The Patterns: There are 40 patterns in this book, from the simple 'techno-cozy' (a pouch for your mp3 player or phone) to the more complicated 'punk rock backpack'. Each pattern comes with a colour photograph featuring a hot twenty-something wearing the item and a step-by-step instruction on how to make the item, the equipment needed and a little bit about the designer of each pattern. My personal favourite is the Alien Illusion Scarf - you look one way and it's just a stripy scarf, then the other way and it has alien faces on it! (though a word of warning - do not iron! I had a kink in mine and decided to iron it - next thing I know all my hard work has been put to waste because I have ironed out the alien faces). The great thing about the patterns is that they are all really modern, there are no fuddy-duddy doilies and ugly tea cozies, but a range of stylish knitted items that you would actually want to wear. I would say most of the designs are aimed at 15-20 year olds (things like beanie hats with devil horns or sweatbands saying 'geek'), but there is something for most ages, including things to be used by babies and cats! The range of items you can make is unbelievable - bags, socks, hats, gloves, blankets, sweaters, cat beds and even a bikini!
As A Beginner: Speaking as someone who had never picked up needles before this book, I have to say I did find it a challenge. Although the book thoroughly goes through the basic techniques, when it came to the actual patterns, I struggled to pick it up. In the end I got a knitter-friend to take me through the patterns (which I guess is why having a Stitch 'N Bitch group is such a good idea!). Once I had them explained to me I found the patterns a lot easier to read, but I think without that help I would have given up. I also found that there were so many items I had to purchase - although the book itself was cheap it started to turn into an expensive hobby. For example the 'Chinese Charm Bag' involves not only particular sized needles and yarn, but also lining fabric and bamboo handles (which I still haven't been able to locate!).
The Book Itself: The book is almost square in shape, which is a complete nightmare to try to fit on a regimented bookcase! It is printed in this weird orange and black layout (I think it's trying to look retro, but I think it just looks cheap), although it does feature 30 pages of glossy colour photos.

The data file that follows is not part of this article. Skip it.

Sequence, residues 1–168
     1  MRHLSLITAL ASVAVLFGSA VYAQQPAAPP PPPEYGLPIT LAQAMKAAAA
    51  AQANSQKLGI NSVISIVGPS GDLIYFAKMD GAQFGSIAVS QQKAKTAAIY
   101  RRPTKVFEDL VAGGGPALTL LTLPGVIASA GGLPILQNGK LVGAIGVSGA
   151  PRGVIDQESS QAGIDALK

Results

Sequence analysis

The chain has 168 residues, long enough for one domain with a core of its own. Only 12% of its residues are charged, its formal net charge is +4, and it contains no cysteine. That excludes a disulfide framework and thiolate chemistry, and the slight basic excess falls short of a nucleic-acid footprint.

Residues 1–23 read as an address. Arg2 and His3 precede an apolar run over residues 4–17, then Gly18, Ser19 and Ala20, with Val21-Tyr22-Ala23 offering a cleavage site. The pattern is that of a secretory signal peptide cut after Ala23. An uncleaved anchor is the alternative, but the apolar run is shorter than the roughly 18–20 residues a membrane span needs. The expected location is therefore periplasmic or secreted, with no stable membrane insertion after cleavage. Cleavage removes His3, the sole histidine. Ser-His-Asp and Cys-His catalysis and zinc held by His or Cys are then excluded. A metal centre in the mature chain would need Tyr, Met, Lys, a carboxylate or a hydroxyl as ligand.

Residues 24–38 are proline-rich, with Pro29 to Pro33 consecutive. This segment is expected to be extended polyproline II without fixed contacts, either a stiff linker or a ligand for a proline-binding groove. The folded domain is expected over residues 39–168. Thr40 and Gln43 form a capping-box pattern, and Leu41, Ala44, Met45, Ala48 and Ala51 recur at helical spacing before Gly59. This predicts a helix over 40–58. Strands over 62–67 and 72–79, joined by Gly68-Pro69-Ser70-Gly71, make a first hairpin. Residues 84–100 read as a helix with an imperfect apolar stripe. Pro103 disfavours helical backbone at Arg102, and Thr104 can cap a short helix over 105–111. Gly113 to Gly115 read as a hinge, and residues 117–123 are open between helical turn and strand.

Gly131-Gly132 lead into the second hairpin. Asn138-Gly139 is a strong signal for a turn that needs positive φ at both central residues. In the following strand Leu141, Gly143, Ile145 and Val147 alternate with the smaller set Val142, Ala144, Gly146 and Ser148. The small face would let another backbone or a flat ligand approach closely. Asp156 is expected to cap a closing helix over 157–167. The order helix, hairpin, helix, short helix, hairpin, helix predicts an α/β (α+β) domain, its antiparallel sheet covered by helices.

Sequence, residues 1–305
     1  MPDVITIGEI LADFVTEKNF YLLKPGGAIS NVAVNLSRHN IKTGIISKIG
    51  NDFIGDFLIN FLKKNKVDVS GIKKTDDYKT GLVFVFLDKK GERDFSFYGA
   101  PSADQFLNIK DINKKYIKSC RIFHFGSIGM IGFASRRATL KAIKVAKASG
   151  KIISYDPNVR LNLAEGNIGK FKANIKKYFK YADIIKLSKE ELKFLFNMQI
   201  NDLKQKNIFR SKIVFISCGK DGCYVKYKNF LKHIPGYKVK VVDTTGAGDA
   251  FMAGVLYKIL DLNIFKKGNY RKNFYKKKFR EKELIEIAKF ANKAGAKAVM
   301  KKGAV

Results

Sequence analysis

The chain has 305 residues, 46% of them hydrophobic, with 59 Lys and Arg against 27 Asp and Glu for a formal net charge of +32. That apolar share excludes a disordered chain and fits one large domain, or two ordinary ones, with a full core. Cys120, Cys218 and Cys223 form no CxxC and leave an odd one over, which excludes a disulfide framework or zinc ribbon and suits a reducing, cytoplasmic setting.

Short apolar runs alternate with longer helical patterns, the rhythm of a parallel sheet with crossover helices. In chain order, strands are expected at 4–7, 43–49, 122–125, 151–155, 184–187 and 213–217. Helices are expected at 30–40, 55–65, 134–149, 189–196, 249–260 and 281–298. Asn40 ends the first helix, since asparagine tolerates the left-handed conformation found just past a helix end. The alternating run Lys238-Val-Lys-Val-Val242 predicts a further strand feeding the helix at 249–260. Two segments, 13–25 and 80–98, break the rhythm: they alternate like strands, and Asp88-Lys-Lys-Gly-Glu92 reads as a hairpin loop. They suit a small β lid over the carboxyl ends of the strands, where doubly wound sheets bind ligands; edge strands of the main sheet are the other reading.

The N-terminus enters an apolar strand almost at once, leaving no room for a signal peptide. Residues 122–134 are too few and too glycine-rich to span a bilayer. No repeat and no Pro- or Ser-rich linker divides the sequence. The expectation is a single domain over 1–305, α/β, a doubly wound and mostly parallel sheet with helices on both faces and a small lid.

Conclusion: I think this book is for 'in-betweeners'. As a complete novice I really struggled to pick up the patterns, although the background to knitting was really useful. I think that the sections on knitting techniques and knitting terminology might be a bit patronizing for expert knitters, but for people in -between it would be great - the patterns are challenging and modern, and prove that knitting can be cool!
Knitting is taking over the world! Well, maybe not quite. But it's sure as hell trendy again.
This came as something of a shock to me. I first became aware of the newly fashionable status of knitting when I was working at a leading museum in London. When I head there was a knitting circle taking place down the corridor from me at lunchtimes, I imagined it would be populated by a few grannies and mumsy types (stereotypes, moi?). So I was pretty surprised when I saw a train of the trendiest wendies in the place, people literally dripping design chic, heading for the room to get creative.
Stitch n Bitch is the knitting bible for this new generation of knitters. Unlike older knitting books, it is designed for people who have never so much as seen a needle in the flesh before (and is thus ideal for me!) An introductory section takes you through the basics: different types of needles and yarn, casting on and off, various stitches, knitting shapes. This is well laid out, with really clear descriptions and pictures to assist even someone like me who is all fingers and thumbs. A second section follows, with a number of pretty trendy patterns, ranging from simple scarves and hats to trickier jumpers - and there's a clear explanation of how knitting patterns work to help you understand the strange masonic jargon that these things use.
My only gripe with the book is the design. It's printed in monochrome, with orange and black type, which isn't very nice on the eye after a while. There are some full colour pictures of the patterns (with trendy models) but the feel is still very old fashioned.
Go on and give it a go. It's the new yoga, y'know.